Wil Lewis: Calling out disparity when you see it. We can make many branches off of that, but if you see something that’s not right, don’t just admire it. Say something about it. Take action to drive change and difference. That’s the first thing, the second thing is Teresa was talking about mentorship, volunteering yourself to be a mentor, but don’t just go for being a mentor; take it a step further, be a sponsor. A mentor is someone who gives advice which gives guidance to an individual. A sponsor has a seat at the table, and when that person’s not around, advocates to that individual, on their behalf, without them knowing it sometimes. Be a sponsor, and try and drive an individual along as well.
Emily Garman: Teresa, what can a company gain by having a more inclusive workplace and a more diverse executive team?
Teresa Rogers: A variety of perspectives. An organization will not thrive if everyone thinks the same way. The best moments are when those creative strategies occur, and you have diverse ways of thinking. That all starts with a diverse board of directors, a diverse senior leadership team, even at the frontline level, having diversity, not just in gender, but in all areas. Experian is very focused on inclusion and diversity. And I think that’s what makes us thrive and, really, Excel as an organization.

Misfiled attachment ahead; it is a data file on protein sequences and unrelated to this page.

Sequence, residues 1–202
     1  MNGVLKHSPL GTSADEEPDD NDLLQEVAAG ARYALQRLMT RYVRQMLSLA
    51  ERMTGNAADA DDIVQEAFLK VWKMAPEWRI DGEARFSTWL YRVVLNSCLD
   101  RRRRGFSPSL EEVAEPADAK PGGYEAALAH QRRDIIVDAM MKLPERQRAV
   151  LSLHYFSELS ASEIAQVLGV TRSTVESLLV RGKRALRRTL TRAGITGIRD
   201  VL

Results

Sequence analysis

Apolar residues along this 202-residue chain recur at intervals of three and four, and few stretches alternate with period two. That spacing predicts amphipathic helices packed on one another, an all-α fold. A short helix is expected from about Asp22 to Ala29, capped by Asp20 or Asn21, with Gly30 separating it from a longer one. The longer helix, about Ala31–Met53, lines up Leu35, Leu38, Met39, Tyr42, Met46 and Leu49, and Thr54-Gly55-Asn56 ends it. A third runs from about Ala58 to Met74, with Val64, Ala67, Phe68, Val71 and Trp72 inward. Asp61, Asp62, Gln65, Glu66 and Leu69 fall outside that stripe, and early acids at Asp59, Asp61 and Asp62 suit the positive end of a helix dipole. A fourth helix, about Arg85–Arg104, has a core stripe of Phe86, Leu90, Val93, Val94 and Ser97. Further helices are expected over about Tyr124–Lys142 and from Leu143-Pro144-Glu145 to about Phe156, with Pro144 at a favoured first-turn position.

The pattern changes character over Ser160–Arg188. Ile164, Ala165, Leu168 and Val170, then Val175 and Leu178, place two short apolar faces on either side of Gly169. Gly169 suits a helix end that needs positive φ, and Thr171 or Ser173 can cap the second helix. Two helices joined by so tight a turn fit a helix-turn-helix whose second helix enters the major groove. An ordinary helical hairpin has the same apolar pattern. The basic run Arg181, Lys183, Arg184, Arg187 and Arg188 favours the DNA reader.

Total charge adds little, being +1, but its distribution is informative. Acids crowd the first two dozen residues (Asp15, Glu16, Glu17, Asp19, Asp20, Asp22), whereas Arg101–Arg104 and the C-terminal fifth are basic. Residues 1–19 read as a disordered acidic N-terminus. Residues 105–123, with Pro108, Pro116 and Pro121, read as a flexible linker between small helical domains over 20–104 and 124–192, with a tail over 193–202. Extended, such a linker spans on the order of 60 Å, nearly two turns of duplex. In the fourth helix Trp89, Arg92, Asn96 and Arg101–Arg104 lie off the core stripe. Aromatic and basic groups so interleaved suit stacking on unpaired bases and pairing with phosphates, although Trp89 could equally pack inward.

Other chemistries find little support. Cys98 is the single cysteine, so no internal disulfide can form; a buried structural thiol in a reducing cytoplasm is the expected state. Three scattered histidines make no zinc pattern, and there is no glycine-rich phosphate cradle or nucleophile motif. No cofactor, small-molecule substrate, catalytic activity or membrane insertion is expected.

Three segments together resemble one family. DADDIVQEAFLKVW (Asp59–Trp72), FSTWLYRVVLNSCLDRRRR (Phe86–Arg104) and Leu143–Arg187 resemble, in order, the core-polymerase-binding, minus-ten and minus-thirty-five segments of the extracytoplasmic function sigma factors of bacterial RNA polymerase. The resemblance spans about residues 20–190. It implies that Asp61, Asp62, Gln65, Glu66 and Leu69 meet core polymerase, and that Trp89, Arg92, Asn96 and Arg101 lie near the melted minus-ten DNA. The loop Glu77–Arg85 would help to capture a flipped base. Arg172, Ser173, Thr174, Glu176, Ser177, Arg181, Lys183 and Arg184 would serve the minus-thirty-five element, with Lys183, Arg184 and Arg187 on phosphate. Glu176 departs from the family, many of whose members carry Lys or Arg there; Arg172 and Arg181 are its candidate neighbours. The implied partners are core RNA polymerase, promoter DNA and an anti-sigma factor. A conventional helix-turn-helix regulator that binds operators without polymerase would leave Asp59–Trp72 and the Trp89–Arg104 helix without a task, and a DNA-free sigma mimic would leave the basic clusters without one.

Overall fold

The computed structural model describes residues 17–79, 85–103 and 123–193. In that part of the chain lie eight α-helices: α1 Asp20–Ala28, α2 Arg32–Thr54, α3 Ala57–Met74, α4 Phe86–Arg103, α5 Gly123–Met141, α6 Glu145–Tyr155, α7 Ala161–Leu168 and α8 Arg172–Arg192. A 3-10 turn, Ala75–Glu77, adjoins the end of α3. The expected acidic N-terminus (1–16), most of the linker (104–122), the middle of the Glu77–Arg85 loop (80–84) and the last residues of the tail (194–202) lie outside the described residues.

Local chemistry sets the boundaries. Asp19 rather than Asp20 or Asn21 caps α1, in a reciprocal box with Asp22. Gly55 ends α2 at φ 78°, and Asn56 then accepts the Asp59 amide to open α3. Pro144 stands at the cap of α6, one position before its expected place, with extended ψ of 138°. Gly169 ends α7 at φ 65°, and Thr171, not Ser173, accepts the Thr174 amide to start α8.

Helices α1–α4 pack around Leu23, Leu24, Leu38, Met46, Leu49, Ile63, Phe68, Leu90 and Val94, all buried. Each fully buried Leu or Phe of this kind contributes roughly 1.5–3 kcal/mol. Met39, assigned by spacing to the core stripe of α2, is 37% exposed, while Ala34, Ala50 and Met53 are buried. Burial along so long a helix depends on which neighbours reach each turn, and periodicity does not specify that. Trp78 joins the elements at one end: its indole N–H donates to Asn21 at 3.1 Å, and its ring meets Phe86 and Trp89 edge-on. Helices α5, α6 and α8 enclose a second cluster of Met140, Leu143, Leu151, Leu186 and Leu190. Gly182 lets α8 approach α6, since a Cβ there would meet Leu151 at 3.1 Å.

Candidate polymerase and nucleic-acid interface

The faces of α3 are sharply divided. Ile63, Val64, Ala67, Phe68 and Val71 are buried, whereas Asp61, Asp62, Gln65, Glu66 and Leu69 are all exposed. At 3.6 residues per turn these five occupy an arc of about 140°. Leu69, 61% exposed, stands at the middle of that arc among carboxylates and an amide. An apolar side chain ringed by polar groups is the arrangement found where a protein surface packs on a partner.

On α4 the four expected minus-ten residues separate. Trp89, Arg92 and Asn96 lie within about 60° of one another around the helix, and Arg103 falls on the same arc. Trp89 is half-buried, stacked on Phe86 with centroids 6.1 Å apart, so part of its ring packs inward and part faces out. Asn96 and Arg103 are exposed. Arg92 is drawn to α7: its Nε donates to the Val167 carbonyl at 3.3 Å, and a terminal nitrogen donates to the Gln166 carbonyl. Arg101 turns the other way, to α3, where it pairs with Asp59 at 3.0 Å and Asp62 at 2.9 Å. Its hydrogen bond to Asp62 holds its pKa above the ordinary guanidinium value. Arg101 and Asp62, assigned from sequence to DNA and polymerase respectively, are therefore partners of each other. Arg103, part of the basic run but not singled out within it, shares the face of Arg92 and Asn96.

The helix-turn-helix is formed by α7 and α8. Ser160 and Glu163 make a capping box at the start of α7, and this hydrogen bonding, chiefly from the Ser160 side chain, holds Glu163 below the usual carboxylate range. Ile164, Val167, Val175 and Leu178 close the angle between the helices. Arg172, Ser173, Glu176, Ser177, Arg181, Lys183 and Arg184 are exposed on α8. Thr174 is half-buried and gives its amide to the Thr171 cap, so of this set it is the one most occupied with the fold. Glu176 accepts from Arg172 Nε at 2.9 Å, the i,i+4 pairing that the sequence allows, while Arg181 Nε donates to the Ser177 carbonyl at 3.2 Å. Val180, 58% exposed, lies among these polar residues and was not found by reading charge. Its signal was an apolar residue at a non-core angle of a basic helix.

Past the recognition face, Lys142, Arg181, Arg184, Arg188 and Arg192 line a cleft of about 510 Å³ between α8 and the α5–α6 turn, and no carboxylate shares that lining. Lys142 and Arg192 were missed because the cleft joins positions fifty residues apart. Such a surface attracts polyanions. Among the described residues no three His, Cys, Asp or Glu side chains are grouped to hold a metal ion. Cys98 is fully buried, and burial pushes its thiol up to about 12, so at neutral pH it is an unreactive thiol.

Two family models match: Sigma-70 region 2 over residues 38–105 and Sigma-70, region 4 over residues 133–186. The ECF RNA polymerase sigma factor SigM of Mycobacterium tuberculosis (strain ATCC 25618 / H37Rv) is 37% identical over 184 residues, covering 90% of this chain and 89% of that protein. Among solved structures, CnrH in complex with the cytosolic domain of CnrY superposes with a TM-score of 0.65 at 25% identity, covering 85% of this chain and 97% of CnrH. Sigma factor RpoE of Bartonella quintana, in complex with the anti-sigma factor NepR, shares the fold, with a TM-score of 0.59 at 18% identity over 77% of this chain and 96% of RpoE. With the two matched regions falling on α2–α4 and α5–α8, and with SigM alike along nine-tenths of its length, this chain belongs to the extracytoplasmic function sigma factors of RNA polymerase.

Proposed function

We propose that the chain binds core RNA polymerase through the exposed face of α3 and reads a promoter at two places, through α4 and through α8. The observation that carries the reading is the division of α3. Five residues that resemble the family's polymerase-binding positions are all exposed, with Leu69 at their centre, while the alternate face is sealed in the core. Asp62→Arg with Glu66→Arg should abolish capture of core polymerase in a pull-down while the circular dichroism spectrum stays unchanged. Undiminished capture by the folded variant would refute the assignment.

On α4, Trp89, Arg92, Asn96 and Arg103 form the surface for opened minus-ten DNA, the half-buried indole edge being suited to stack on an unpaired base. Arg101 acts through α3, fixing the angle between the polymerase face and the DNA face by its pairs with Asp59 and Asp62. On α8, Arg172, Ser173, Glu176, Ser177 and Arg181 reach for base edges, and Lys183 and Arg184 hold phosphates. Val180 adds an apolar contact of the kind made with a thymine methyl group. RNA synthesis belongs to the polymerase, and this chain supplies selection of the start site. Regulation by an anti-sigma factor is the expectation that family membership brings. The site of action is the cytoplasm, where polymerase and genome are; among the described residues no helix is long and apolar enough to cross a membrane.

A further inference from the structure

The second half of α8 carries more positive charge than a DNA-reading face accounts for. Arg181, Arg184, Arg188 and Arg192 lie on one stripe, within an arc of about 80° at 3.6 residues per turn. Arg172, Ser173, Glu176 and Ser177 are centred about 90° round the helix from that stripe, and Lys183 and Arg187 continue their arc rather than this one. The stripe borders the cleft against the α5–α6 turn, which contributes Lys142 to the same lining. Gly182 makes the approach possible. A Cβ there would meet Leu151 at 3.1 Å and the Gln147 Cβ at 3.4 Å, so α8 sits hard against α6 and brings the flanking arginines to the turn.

Gary Stockton: Wil and Teresa, any final thoughts about Women’s Equality Day and what can be done on a smaller scale down on Main Street at small businesses?